The Square Ball can reveal that Leeds City Council recently turned down Leeds United’s request for a £20m loan.
The Council and the club had an agreement in place for the loan had England won the bid for 2018 World Cup. As we are well aware, England failed in its bid after Russia won the rights to host the tournament along with Qatar’s controversial victory in the bidding for the 2022 competition. Despite the £20m loan agreement lapsing upon the failure of England’s bid, Leeds United requested that the agreement with Leeds City Council remain in place. That request was turned down by the Council.
TSB learned of the loan request after submitting questions about the East Stand development at Elland Road via the Freedom of Information Act, which means public authorities are obliged to respond to requests for information they hold on any particular subject. TSB submitted the request in order to try and shed some light on the East Stand works, particularly because the club have been quick to shout about the benefits of the development but are yet to publicly state the cost of the current works. We only know that the estimated cost of the current phase of building is £7m through a second hand account of United’s Chairman and majority shareholder Ken Bates saying so at a Leeds On The Road event in Oslo earlier in the year, followed by the figure being buried deep in a Council document. It is unclear why the club has not stated the cost of the present building works if indeed it is a facility we are to be proud of.
Ken Bates has made it clear that he intends to press ahead with building of two hotels, restaurants and nightclub on Lowfields Road, despite there being no stated timeframe for the completion of the project, or no clear statement of how it will be funded.
Given that the club was unable to secure the funding to repurchase Thorp Arch, and its aborted eleventh-hour deal for the Council to reacquire it on the club’s behalf, TSB submitted the following question in, and received the following answer to, its Freedom of Information request:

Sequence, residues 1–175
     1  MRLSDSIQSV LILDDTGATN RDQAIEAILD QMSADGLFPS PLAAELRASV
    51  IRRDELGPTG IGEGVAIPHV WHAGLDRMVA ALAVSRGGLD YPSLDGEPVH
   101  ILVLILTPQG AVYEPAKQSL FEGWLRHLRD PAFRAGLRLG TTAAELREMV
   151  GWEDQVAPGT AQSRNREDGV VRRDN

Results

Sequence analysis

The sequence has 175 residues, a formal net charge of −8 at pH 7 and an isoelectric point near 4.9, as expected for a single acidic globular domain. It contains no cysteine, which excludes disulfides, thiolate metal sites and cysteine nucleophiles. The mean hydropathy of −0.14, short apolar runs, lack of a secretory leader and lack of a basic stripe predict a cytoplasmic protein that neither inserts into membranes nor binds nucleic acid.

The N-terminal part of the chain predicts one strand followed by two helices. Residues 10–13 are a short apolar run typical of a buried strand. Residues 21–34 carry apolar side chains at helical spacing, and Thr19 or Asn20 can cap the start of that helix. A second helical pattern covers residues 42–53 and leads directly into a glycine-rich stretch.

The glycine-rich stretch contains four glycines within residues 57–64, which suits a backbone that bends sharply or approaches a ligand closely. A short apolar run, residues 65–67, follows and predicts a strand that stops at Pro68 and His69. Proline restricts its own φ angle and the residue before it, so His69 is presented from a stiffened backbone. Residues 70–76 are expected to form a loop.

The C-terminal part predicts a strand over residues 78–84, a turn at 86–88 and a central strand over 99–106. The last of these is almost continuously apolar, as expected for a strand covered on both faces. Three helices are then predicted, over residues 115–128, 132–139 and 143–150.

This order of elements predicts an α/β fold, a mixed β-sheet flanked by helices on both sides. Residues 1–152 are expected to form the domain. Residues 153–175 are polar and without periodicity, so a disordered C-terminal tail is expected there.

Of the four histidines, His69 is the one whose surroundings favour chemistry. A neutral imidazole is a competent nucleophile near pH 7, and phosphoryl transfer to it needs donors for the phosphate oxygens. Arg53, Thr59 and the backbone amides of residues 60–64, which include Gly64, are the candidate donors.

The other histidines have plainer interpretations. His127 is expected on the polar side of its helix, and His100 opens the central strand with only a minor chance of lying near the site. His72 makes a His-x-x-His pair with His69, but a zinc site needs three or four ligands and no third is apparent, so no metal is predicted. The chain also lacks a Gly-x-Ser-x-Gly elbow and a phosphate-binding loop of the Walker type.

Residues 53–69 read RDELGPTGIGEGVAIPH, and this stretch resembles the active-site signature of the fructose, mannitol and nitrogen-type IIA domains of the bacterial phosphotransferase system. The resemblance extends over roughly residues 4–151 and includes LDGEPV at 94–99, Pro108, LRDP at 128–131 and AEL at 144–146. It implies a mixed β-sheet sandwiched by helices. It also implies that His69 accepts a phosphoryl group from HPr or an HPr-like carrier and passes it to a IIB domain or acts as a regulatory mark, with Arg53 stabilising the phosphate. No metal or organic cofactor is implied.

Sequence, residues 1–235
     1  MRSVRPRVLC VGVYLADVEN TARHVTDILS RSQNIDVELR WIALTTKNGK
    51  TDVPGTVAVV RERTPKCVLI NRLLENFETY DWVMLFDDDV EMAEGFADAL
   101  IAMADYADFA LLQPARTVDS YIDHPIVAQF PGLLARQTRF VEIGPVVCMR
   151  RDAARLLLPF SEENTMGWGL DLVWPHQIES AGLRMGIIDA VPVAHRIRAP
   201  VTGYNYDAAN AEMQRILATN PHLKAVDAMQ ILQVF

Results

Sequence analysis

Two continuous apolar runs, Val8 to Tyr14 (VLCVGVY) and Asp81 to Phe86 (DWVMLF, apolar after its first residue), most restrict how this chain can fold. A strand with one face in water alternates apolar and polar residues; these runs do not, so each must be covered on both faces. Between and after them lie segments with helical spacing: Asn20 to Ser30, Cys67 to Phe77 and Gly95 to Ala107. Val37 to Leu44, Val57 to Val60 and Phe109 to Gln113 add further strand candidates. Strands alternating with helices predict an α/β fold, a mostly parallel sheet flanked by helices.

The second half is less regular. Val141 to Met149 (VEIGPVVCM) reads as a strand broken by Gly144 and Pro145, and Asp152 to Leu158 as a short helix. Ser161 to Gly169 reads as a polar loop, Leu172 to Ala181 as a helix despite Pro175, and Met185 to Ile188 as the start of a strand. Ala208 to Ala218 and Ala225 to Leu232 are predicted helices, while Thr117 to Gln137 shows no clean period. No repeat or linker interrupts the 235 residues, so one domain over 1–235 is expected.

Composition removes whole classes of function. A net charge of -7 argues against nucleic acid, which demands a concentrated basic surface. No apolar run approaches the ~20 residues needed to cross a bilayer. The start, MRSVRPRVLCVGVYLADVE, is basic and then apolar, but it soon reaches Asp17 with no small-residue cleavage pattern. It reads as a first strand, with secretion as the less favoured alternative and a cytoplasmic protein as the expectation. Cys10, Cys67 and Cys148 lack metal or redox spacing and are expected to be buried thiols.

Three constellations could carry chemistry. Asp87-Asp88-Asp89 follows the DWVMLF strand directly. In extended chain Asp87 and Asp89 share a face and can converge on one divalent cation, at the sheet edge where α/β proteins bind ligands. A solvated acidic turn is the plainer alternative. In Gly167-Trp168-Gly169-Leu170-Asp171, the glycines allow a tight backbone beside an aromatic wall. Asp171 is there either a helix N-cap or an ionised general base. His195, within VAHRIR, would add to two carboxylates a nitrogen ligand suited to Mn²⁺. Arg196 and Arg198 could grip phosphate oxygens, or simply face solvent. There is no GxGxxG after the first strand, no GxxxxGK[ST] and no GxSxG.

Q: Have Leeds United requested any sort of funding from Leeds City Council (LCC) for this project, either in the form of a grant, direct funding, a loan or a loan obtained on their behalf? If so, what was LCC’s response? Are LCC committing any funding to this project?
A: The Council and Leeds United did have an agreement concerning a loan of £20m to support the bid to host the 2018 FIFA World Cup. Subsequent to FIFA’s decision not to award the event to England, this agreement lapsed. The Football Club did ask if the loan agreement could remain in place. However, the Council declined the provision of a loan.
The Council has approved an injection of capital of £500,000 as a contribution towards the shared cost of diverting Lowfields Road. This is required for both the development, and the provision of access to the Council owned land between the North Stand and the M621.
The Council’s decision to decline Leeds United’s request for this loan once again presents more questions than answers, the biggest of which is: just who is paying for the East Stand?
Ken Bates has indicated that short term finance has been made available for this summer’s £7m expenditure on phase one. It seems logical that ticket income would comfortably cover this finance given that the last set of accounts (to June 2010) showed gate recepits of over £11.7m. This short term finance is one thing, but it is in a different ballpark entirely to the overall projected cost of the East Stand project – hotels and all – at the “£80-90m” stated in Ken Bates own programme notes. The East Stand building works exist in something of an information vaccuum. It would be nice to know a little about the how and when.
In the last published accounts, Leeds United fans contributed £17.24m of the club’s £27.45m turnover (63%) via gate receipts and merchandise. Until Leeds United treats its fans with the respect they deserve, and fills the information vaccuum, we have every right to assume that we are contributing the lion’s share of the club’s operating funds – and the money for these building works.
Perhaps Ken Bates – who, under sworn oath in a Jersey court, said he had “not put a penny” into Leeds United – might pause for thought before labelling the very people who are funding his business “morons”, “dissidents” and “sickpots” simply because they happen to vocalise their disagreement with his methods.
It may be his business, but at the heart of his business is what Mr Bates himself termed in his Hull programme notes as “your club”. It’s our club and it’s our money, so we should never stop demanding answers to important questions.